UK COVID policies may have disproportionally impacted ethnic minorities at the end of life

Categories: Care, Featured, and Research.

New research has found UK wide COVID-19 policies may have disproportionately impacted people from ethnic minority groups at the end of life. In addition, the UK palliative care response may have been equal but inequitable. This is according to a new study led by King’s College London.

Published in BMJ Supportive & Palliative Care, the research aimed to develop insights into the response of palliative care services caring for people from ethnic minority groups during COVID-19 and gathered information from 277 UK palliative care services through an online survey.

Specialist palliative care services response to ethnic minority groups with COVID-19: equal but inequitable – an observational study (CovPall) is part of the CovPall study, a collaborative project between Cicely Saunders Institute of Palliative Care, Policy & Rehabilitation at King’s College London, the International Observatory on End of Life Care at Lancaster University, the Wolfson Palliative care Research Centre in Hull York Medical School at the University of Hull and the University of York.

COVID-19 has disproportionately affected ethnic minority groups and these latest findings suggest “one size fits all” policies introduced during the COVID-19 pandemic may have adversely impacted these groups disproportionately, causing distress that services struggled to manage.


Key findings:

  • Visiting restrictions may have had a disproportionate adverse impact in those ethnic minority groups that would traditionally have large numbers of family members involved in providing care, support and/or decision making, and where it was important for the wider community to visit and support in times of illness.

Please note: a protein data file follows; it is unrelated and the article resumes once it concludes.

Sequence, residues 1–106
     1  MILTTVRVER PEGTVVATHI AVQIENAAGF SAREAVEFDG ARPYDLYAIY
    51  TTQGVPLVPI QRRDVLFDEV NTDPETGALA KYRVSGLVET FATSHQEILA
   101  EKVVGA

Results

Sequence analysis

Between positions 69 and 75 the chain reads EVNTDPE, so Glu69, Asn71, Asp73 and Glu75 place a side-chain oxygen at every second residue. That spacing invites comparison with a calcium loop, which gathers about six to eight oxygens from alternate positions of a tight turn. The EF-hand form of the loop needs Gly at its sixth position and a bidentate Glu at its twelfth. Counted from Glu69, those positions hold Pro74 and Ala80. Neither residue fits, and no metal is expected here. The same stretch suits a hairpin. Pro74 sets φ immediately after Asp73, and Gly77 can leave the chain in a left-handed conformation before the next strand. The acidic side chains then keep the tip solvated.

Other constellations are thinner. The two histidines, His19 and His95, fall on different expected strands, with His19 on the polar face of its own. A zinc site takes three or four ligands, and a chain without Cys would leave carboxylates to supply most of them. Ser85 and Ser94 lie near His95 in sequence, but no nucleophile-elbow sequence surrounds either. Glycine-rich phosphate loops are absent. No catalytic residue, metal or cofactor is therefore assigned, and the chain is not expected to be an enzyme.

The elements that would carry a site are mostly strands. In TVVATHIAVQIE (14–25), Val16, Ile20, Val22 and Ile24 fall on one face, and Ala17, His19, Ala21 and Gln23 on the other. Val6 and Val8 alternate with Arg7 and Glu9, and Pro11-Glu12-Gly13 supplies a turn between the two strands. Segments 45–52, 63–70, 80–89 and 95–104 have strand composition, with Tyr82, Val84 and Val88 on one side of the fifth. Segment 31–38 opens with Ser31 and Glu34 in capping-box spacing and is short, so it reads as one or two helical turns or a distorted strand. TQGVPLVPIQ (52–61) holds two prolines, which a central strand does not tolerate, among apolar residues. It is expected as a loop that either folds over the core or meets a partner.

• Visiting restrictions may have not only removed patients’ psychosocial support and advocates, but also their personal and professional translators; for many, their only means of communication.
  • COVID-related policies prohibiting physical contact with loved ones after death, may have particularly impacted ethnic minority groups who are more likely to conduct compulsory after death rituals such as prayer in large groups with touching and washing of the body.

COVID-19 patients and families from ethnic minority groups were “underserved” at the end of life:

  • Only 34% (93/277) of services cared for COVID-19 patients or families from ethnic minority groups.
  • Services supporting those from ethnic minority groups were more likely to include hospital and less likely to include hospice or home care teams.
  • 66% (61/93) of these services reported no difference in how they supported or reached these groups during the pandemic suggesting a focus on equal rather than equitable care delivery.

The research highlights that during the COVID-19 period, systemic steps, including equality impact assessments, are urgently needed to address inequity at the end of life for these patients and families. Formal safeguards and mitigation against the negative impact of emergency policies on these groups, beyond a sole focus on individualised care, is urgently needed.


Dr Sabrina Bajwah, Clinical Senior Lecturer at King’s College London, and lead author said:

“We have known for a long time that those from ethnic minority groups are less likely to have a good death and are less likely to receive palliative and hospice care. This important research highlights the disproportionate distress caused by UK wide policies to these already vulnerable groups at the end of life during the COVID-19 pandemic. Whilst policies introduced rapidly during the first wave of the COVID-19 pandemic may have been justified by the legitimate aim of protecting the general public, we now need to urgently assess the impact of these and future policies on patients and families from ethnic minority groups. Formal safeguards and mitigation against the negative impact of these policies on these groups, beyond a sole focus on individualised care, is urgently needed. We provide clear recommendations for all underserved groups which are relevant for all healthcare specialities and settings dedicated to reducing health inequality.”


Professor Catherine Walshe, from the International Observatory on End of Life Care, Lancaster University, and co-author said: